In addition, Alibaba also owns a 5% stake in another major e-Commerce player of India; Snapdeal.
Alibaba is also planning to invest in a movie booking site in India. Alibaba Pictures, the movie and TV content business arm of the group, is in talks with Orbgen Technologies which operates TicketNew. Alibaba plans to buy 70-75% stake in Orbgen Technologies for $35 million.
Alibaba in Australia:
On February 4, 2017, Alibaba opened its Australia headquarters. From this office, the company will support 1,300 Australian and 400 New Zealand businesses that are selling products on Tmall and Tmall Global.
Alibaba will also provide other services from Australia such as cloud computing, online payments, logistics.
Alibaba’s international business-to-business website has been operating in Australia since 1999. More than 1,000 offline stores accept Alipay. In 2015, Alibaba Cloud opened a data center.
So what is Alibaba’s strategy?
All this time, I have talked about Alibaba’s acquisitions and investments in the Southeast Asian region but the million dollar question is- How Alibaba is going to take over the market? Will it only continue to pour in money in these companies? The answer is no.
Aliaba will gradually introduce its own services through these platforms. In China, Alibaba launched Taobao in 2003 and Alipay in 2004. Alipay was integrated with Taobao. As Taobao’s popularity increased, Alipay users also increased. Eventually, non-Alipay users became motivated to use Alipay. Today, Alipay is the largest digital payment service provider in China with more than 400 million users.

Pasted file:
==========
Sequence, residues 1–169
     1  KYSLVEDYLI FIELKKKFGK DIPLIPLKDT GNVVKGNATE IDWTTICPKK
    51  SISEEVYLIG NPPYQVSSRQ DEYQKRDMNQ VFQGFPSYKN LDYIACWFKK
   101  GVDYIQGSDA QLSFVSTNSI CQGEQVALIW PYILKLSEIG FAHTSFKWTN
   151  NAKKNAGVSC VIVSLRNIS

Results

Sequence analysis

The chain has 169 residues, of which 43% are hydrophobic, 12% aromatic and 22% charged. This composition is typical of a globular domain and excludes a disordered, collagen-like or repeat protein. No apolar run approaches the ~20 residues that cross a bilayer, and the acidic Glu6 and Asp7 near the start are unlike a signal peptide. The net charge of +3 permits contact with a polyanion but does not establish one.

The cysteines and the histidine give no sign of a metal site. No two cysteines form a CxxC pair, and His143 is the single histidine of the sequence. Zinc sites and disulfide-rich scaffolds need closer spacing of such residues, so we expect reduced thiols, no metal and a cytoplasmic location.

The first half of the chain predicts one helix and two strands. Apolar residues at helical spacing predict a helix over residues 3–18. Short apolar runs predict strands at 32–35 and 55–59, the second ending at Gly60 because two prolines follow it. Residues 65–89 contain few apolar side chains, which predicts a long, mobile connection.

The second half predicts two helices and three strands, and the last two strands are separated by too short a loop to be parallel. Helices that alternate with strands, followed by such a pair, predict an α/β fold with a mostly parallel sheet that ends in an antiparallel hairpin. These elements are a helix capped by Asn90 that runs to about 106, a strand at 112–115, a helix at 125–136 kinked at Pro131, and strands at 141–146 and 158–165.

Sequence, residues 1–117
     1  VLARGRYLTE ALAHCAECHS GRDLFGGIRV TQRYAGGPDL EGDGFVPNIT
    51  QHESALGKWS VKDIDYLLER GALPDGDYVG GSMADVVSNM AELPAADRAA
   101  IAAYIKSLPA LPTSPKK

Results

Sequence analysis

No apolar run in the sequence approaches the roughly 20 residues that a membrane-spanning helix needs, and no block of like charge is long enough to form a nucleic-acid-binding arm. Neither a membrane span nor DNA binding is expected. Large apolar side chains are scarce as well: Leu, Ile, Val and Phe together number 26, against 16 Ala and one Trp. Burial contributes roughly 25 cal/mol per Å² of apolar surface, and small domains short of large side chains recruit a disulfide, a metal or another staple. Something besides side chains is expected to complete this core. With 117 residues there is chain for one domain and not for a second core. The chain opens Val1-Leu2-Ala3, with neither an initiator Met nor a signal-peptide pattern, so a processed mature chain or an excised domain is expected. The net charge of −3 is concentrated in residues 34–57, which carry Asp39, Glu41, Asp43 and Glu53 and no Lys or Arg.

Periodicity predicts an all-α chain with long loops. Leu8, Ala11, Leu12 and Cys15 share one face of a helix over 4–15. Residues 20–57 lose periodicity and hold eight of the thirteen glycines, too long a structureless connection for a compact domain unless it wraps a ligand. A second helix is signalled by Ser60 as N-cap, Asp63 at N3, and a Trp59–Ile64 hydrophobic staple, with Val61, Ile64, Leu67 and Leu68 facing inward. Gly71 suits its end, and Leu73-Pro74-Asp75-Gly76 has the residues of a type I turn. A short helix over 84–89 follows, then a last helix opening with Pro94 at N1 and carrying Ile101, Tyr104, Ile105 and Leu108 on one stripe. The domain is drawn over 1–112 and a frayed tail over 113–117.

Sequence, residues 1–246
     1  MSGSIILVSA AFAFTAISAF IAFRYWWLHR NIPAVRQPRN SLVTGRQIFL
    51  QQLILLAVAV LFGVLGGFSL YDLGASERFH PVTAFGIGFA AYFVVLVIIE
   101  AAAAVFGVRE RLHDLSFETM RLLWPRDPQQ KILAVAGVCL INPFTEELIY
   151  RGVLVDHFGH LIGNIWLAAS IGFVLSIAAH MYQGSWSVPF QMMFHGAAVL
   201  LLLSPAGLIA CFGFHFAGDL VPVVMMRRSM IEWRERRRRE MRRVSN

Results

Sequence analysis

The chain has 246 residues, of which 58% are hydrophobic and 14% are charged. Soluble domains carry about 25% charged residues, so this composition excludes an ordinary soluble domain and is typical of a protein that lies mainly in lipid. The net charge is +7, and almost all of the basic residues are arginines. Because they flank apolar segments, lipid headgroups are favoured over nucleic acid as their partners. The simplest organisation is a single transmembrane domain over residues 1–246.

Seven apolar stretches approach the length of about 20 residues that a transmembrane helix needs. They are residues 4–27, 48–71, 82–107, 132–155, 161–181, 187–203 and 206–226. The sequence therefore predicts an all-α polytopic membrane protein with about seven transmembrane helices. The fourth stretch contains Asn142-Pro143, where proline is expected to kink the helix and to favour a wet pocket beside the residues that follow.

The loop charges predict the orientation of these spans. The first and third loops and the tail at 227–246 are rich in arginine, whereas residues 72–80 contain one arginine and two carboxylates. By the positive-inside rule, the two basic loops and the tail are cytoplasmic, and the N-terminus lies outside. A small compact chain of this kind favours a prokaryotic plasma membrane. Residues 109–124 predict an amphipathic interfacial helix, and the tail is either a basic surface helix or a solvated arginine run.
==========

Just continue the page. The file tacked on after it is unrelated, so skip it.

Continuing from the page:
In Southeast Asia, Alibaba will follow this approach. It acquired Lazada. Lazada is already is a big player and has a significant number of shoppers on its platform. Now, Alibaba will gradually integrate its payment, delivery and other services with Lazada and increase its capability.
Alipay invested in M-Daq, Ascend Money, Paytm. All these are payment platforms. Alipay will eventually incorporate these services into its ecosystem.
Alibaba also bought stakes in SingPost, which is one of the top logistics service provider. Alibaba also created QSI.
Alibaba will eventually converge all these companies and build a complete e-Commerce ecosystem thus creating the biggest e-Commerce ecosystem in the shortest possible time.